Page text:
Imam al-Sadr took the social dimension as a priority, and fought for “ending the deprivation (of basic rights) in the Beqaa and the South”. He started by confronting his opponents from the traditional feudal leaderships, notably Kamel al-Assaad, and left-wing parties, especially the Communist Party, in order to prevent them from “manipulating the Shia youth ideologically and on the basis of party-loyalties.” (1)
Even though (Imam al-Sadr) held firm to his religious foundations, yet he used religion to sharpen the sense of belonging to a national identity, and worked on establishing a social identity that – similar to other sects – combined both patriotism and the exaltation of the (Shia) sect. He replaced family loyalty with religious sectarian loyalty, thus attracting various segments (of society) who had previously adhered to the (powerful) feudal families, or adhered to the left-wing parties with their (various) slogans. (Imam al-Sadr) also brought back the idea of institutionalizing religious identity by reviving the “Al Ber wal Ehsan” Charity (جمعية البر والإحسان) founded in 1948 by Sayyed Abd al-Hussein Charafeddine in (the city of) Tyre, making it a starting point for his social service activities, and a project similar to the Amel Association (الجمعية الخيرية العاملية) in Beirut. He then established the Supreme Islamic Shia Council in Lebanon in 1969, which was a major turning point (that struck at) the core of the traditional authoritarian leadership (of Lebanese Shias). He was also able to establish educational, professional and social institutions, after they were absent for many decades because of the (Lebanese) state’s failure (to provide) services and (build) institutions in the South and the Beqaa. By raising the awareness of Shias regarding their sectarian and national identity, (Imam Musa) wanted to stress that they are citizens who have the right to consistent development, to be relieved from deprivation, and protected against Israeli attacks (2).
He built multiple relations with many national and southern actors, and showed an outstanding leadership and a strong ability to influence Lebanese elites and the Lebanese people. Therefore, Sayyed (Musa) was granted Lebanese nationality in 1963 by President Fouad Shehab, and became a permanent guest at the Lebanese symposium, which was composed ofLebanese political and intellectual elites. Therefore, Sayyed Musa was described by Michel Asmar as a “man of the coming time”. He also established relations with famous media figures, especially Ghassan Tueni. However, despite his wide network of internal and external political relations (that he established) on the basis of supporting his reform project, he tried to make sure that his political line stays as independent as possible.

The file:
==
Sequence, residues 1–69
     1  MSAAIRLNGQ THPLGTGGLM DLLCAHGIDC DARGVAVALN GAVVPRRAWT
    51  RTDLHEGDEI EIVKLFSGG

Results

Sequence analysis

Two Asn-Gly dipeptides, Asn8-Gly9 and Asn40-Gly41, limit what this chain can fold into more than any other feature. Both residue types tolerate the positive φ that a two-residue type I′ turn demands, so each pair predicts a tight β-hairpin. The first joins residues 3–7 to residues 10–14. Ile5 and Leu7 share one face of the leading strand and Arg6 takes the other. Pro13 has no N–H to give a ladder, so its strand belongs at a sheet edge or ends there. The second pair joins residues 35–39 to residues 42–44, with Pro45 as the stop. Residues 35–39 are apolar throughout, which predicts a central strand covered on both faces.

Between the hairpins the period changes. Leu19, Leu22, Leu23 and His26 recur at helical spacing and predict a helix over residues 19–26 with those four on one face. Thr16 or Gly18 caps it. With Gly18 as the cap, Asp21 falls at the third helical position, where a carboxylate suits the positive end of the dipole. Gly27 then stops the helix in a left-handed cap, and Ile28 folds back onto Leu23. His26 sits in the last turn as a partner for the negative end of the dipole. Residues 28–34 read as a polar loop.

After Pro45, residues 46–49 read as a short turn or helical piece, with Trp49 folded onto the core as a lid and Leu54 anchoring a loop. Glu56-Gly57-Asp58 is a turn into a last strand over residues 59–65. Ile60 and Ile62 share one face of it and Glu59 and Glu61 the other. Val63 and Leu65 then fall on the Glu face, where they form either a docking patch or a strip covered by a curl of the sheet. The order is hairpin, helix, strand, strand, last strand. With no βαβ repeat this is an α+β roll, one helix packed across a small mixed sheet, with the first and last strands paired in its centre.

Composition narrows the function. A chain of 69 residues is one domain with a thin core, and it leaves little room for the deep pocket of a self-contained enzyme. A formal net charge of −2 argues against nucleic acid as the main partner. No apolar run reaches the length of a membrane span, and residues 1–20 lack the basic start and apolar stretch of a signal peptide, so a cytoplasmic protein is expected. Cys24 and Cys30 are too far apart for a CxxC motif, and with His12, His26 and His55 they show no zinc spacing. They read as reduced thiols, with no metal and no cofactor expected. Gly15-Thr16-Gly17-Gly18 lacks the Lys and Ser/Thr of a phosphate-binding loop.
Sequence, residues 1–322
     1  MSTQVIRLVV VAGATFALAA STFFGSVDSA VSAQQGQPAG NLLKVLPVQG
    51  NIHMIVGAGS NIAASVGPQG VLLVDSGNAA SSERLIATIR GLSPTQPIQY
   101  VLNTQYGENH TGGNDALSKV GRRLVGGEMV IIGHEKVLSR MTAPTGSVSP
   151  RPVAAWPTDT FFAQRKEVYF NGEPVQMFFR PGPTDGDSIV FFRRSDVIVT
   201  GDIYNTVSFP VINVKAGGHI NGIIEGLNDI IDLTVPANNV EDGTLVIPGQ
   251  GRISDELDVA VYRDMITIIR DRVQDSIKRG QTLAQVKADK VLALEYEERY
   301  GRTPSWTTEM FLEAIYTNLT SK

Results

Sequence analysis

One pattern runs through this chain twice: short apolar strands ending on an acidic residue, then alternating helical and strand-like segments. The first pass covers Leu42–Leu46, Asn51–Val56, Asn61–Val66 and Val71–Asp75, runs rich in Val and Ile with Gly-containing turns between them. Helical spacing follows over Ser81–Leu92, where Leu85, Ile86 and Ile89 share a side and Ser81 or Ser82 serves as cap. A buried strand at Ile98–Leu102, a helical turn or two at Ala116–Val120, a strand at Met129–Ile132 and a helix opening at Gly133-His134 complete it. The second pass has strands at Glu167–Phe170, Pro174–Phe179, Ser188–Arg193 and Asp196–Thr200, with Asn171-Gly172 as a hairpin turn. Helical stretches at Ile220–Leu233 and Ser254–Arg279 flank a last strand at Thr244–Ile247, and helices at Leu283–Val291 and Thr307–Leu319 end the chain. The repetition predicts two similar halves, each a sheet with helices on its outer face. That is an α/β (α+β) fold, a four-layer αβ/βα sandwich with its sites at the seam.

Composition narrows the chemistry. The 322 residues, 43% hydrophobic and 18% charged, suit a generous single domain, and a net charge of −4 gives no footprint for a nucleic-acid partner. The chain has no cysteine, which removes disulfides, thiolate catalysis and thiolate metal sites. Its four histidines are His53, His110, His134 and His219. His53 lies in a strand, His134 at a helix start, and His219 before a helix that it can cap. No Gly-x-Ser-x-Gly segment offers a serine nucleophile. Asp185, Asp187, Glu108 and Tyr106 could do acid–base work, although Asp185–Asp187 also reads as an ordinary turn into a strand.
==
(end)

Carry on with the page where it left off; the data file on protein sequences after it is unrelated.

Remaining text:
(Imam al-Sadr) was known for his boldness in objecting to the excesses of the (Lebanese) state against southern citizens who were suffering daily from Israeli attacks. As such, he declared a general strike to support the people of the South, and consequently, he established the Southern Council, then the Commission for Southern Support in cooperation with Cardinal Anthony Khreish and a large group of Muslim and Christian scholars and clerics. He also confronted the Palestinian resistance, despite his alliance with it, after its multiple excesses against the southerners. He addressed Abu Ammar (i.e. Yasser Arafat, Former Chairman of the Palestine Liberation Organization) saying: “Abu Ammar, I (am ready to) protect the Palestinian resistance (even) with my turban, but I will not be silent about its transgressions against people in the South” (3).
Accordingly, Imam al-Sadr is indeed the true father of “Lebanese political Shiism”, which considers the national dimension a priority in its internal movement, and which believes that Lebanon is the permanent home for all its sons and various other social groups, and (a country) that must be defended by all means and at all costs, not on the basis of hegemony and partisanship, but rather partnership and national belonging. This explains the (contemporary) Shia urgency and seriousness to protect Lebanon from both Israeli aggression and the Takfiri threat.
1- Abd Al-Raouf Sunno: “The Lebanese War 1975-1990: The Dismemberment of the State and the Rift within the Society”, Volume One, ibid, pg. 145.
2- Talal Atrissi: “The conditions of the Shiites of Lebanon have changed,” in: “The Shiites in Lebanon from marginalization to active participation,” ibid., pg. 245
3- “The Supreme Islamic Shiite Council and the Rights of the Sect,” a special booklet issued by the Supreme Islamic Shiite Council, January 1974, pg. 10.
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Sharafeddin’s son, Sadreddin, left Najaf for Isfahan, which was then the most important centre of religious learning in Iran. He returned to Najaf shortly before his death in 1847. The youngest of his five sons, Ismail ( The second son of Ismail, also named Sadreddin, was born in Ottoman Iraq and also decided to settle permanently in Iran. He became Musa al-Sadr’s father. While living in Iran, Sadreddin married a daughter of Ayatollah Hussein Tabatabaei Qomi, an Iranian religious leader. She would become Musa al-Sadr’s mother.